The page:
Abortion care in Canada is decided between a woman and her doctor, without recourse to criminal law

BMJ 2017; 356: j1506
Authors: W V Norman, J Downie
“As the UK debates decriminalisation of abortion and people wonder about the effects it might have, it may be useful to consider the Canadian experience of nearly 30 years without a criminal law to police access to abortion.”
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Decriminalisation in the NT signals abortion is part of normal health care

The Conversation, 24 March 2017
Author: Suzanne Belton
“The Northern Territory parliament this week passed a bill decriminalising abortion up to 24 weeks’ gestation, removing the requirement of parental approval for abortions in teenagers and providing early medical abortions with tablets.”
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Decriminalisation of abortion

BMJ 2017; 356: j1485
Author: Clare Dyer
“In the year that sees the 50th anniversary of the Abortion Act 1967, which created a framework for legal termination, campaigners argue that the time has come for abortion to be decriminalised in England and Wales. A coalition of 20 organisations, We Trust Women, says that women who choose abortion should no longer risk life imprisonment under a law dating back to the Victorian era, when only men could vote. The organisations include the Royal College of Midwives and Doctors for a Woman’s Choice on Abortion. The BMA has no policy on decriminalisation but set out possible options in a recent discussion paper.”
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Support building for landmark move to overturn El Salvador’s anti-abortion law

The Guardian, 23 March 2017
Author: Nina Lakhani
“El Salvador’s controversial law banning abortion in all circumstances, which has provoked ruthless miscarriages of justice, could be overturned in what has been described as a historic move. Momentum is building around a parliamentary bill proposing to allow abortion in cases of rape or human trafficking; when the foetus in unviable; or to protect the pregnant woman’s health or life. Prominent church groups, doctors, lawyers and ethicists have spoken out in favour of loosening restrictions.”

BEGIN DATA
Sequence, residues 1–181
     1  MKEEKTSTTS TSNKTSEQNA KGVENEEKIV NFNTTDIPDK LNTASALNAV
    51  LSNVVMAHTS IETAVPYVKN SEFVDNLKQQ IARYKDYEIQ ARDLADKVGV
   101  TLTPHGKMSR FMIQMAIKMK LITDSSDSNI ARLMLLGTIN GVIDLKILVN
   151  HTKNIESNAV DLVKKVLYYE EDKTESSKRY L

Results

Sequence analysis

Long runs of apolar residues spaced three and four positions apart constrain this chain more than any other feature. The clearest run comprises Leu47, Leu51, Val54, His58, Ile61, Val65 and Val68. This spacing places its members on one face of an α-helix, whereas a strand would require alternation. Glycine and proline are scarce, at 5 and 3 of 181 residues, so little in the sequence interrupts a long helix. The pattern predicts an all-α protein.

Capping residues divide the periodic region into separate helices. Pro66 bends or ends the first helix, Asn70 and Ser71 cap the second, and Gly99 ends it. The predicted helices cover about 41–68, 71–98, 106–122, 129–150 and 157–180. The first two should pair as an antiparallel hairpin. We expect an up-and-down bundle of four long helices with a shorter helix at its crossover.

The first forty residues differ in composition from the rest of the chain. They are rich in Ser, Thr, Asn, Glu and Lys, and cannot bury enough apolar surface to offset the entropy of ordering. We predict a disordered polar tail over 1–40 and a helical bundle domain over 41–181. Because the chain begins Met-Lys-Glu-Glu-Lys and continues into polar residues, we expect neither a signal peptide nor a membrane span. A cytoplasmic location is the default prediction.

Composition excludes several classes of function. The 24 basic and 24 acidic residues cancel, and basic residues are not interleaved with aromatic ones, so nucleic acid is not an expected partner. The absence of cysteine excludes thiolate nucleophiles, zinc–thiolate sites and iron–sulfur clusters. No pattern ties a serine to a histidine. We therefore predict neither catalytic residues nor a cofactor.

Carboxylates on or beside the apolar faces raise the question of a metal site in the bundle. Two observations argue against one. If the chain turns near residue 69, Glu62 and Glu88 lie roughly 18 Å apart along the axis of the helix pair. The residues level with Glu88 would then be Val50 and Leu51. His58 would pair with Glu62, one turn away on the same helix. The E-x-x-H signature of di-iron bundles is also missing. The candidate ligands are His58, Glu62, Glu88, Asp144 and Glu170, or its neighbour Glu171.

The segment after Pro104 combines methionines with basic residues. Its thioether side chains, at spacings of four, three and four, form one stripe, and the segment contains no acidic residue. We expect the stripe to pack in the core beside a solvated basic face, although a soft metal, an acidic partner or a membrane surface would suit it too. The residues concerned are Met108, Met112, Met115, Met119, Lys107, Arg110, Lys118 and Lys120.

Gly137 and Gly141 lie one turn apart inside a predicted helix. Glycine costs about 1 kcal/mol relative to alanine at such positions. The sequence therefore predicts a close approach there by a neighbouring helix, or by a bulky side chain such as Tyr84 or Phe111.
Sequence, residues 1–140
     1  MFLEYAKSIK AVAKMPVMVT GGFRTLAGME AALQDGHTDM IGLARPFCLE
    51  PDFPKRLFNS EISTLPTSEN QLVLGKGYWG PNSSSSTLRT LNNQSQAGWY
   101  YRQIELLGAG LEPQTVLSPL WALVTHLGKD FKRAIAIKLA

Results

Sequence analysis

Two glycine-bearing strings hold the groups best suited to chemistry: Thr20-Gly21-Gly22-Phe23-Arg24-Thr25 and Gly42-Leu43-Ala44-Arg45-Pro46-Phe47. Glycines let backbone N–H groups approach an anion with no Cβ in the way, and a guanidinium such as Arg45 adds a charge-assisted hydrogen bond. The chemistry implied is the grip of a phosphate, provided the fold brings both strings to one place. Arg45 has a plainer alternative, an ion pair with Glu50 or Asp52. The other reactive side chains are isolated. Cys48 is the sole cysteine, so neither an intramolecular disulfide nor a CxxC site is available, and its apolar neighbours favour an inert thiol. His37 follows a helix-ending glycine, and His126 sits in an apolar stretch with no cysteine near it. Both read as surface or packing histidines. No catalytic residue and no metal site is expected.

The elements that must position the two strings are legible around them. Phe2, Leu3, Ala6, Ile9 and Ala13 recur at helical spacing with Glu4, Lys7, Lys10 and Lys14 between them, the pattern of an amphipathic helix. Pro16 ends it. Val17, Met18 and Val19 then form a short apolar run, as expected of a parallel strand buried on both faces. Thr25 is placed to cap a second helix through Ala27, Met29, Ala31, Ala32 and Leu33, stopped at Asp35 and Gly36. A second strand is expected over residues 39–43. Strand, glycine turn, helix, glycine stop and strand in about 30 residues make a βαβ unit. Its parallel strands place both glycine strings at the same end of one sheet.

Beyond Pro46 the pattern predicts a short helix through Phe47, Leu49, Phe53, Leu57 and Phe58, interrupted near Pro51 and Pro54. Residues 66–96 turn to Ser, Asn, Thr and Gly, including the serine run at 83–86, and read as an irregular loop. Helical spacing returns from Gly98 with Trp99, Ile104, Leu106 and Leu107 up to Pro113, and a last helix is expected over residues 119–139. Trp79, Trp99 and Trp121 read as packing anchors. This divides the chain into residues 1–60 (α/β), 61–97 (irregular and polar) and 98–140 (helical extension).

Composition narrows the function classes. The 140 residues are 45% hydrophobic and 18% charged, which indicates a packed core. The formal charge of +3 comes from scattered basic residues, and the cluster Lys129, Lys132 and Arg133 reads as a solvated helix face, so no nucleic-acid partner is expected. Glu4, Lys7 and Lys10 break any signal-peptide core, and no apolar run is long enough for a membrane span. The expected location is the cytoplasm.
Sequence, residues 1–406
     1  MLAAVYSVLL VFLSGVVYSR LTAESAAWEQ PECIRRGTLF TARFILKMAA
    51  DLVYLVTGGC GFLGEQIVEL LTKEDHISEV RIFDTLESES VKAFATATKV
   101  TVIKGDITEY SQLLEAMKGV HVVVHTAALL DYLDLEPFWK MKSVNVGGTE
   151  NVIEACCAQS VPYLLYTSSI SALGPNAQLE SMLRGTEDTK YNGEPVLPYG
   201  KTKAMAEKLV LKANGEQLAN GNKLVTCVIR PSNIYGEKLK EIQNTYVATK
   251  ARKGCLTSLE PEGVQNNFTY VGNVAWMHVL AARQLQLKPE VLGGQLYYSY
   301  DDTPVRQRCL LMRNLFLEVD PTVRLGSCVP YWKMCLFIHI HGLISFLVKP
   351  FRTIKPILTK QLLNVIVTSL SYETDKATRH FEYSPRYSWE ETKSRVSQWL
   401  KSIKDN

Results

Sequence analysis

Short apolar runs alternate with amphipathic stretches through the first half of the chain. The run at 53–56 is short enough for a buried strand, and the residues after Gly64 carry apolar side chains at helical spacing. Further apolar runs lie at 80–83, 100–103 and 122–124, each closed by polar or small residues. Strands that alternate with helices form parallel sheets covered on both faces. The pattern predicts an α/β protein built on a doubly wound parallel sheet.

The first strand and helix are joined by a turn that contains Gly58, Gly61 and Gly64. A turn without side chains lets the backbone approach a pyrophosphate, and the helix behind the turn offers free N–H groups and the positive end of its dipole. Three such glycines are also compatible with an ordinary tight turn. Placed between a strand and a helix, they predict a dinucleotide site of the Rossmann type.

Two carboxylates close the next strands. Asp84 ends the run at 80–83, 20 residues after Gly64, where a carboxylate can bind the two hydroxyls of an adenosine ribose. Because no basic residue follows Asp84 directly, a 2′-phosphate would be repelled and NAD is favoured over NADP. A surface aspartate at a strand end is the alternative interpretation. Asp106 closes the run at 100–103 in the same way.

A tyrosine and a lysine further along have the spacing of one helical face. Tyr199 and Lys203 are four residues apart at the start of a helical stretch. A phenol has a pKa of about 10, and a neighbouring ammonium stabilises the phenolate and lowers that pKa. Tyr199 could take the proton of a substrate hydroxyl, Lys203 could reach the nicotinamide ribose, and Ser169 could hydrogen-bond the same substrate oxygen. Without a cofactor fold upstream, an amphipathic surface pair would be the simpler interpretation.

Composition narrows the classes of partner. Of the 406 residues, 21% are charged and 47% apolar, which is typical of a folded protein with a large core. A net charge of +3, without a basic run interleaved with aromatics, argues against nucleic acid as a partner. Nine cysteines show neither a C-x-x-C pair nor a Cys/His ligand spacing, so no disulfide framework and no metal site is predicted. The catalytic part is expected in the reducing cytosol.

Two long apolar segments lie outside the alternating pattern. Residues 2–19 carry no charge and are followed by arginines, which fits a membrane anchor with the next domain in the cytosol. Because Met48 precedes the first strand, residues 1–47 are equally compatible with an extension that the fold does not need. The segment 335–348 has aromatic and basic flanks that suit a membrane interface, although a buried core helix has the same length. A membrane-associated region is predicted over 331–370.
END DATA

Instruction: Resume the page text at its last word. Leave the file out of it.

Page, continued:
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Could Roe v. Wade be overturned?

The Conversation, 20 March 2017
Author: B. Jessie Hill
“But the real danger may be not so much that things will radically change – it’s that they’ll remain the same. From my vantage point as a constitutional law professor who also litigates reproductive rights cases, the landscape looks about as treacherous as it ever has.”
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Why critics say a Texas bill lets anti-abortion doctors lie to pregnant women

The Washington Post, 11 March 2017
Author: Peter Holley
“In announcing the proposed legislation in November, Creighton’s office said that the state senator from Conroe, near Houston, “took a stand for the unborn with a bill intended to protect doctors from legal pressure to recommend abortion. Based on legal precedent, doctors can be assigned liability for children born with abnormalities if they identified those abnormalities in utero and failed to advocate for termination, resulting in what’s termed a ‘wrongful birth.’” The bill’s opponents say S.B. 25 would create an incentive for antiabortion doctors to avoid conducting prenatal tests, of fully informing pregnant women of the test results — or even to lie to patients who might seek an abortion after learning their fetus has abnormalities.”
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GOP Law Forces Doctors To Plug ‘Abortion Reversal,’ Disclose That It’s Unproven

Forbes, 9 March 2017
Author: Janet Burns
“Republican lawmakers are pushing for legislation that would require doctors in several states to counsel patients on an controversial treatment that hasn’t been shown to work. Last week, the Indiana House approved a bill that would force abortion providers to tell patients about a hormone treatment being called ‘abortion reversal,’ and to disclose that it hasn’t been proven to work.”
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Reproductive Health Under Assault

Health Affairs Blog, 3 March 2017
Author: Aziza Ahmed
“American political, social, and religious history has made abortion a deeply partisan issue. This despite the reality that many women (as well as trans and gender non-conforming individuals) from diverse racial, cultural, class, and religious backgrounds regularly access abortion-related services. The outcome of the 2016 elections has set into motion an expected but nonetheless deeply damaging anti-abortion agenda that is slowly taking form in the Trump administration’s early days — aided by the Republican majority House and Senate. These early moves signal that the new administration aims to roll back gains made toward reproductive justice in 2016.”
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